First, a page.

Seeing my students graduate is really great, but taking a person to a place like the Grand Canyon for the very first time is an even greater thrill for me as a teacher. We stay most years on the North Rim most years for a number of reasons.
The South Rim gets something like 90% of the visitation, which is reason enough to avoid it, but because more people are there, the rim has more trailheads, more facilities, museums and so on. The North Rim, in contrast, is around 1,000 feet higher, cooler, and more moist, and thus the forest is predominantly composed Ponderosa Pine (instead of pinon), and there are more meadows. One of the nicest aspects is the location of the group campground: it is only a few hundred feet from the rim (South Rim campgrounds are nearly a mile back). I prefer the views from the North Rim; the higher elevation offers a panorama of the landscape south of the rim, including the San Francisco Peaks volcanic field.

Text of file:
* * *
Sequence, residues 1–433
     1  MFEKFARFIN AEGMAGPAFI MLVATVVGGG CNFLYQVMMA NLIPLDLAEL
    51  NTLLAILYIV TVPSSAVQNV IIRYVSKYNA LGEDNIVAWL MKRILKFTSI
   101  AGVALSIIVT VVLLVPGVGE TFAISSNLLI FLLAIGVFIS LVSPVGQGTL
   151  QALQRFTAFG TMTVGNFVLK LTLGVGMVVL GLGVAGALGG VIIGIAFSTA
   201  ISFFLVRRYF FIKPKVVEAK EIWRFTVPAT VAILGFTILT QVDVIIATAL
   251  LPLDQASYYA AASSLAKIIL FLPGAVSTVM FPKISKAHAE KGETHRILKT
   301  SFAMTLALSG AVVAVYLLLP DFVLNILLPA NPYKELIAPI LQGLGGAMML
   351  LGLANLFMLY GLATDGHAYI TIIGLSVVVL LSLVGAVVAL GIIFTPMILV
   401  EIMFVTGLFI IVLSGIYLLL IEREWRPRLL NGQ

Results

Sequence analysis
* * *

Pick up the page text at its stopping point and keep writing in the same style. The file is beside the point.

Today's picture is a morning shot looking south towards the San Francisco Peaks. I will have to leave it to others who know more about this kind of thing to explain why there is a gigantic composite volcano and associated volcanic field here. I imagine there is a sort of 'manhole' effect where lavas are leaking out from under the thick continental crust of the plateau country where it has been faulted by the current extensional regime, like a sewer system backing up. The high point on the rim, Humphrey's Peak is over 12,000 feet high (Arizona's highest mountain), but the original summit may have been several thousand feet higher. From the east, the complex looks surprisingly like Mt. St. Helens. The field is mostly Pleistocene, and at least one volcano erupted within the last 900 years (Sunset Peak National Monument).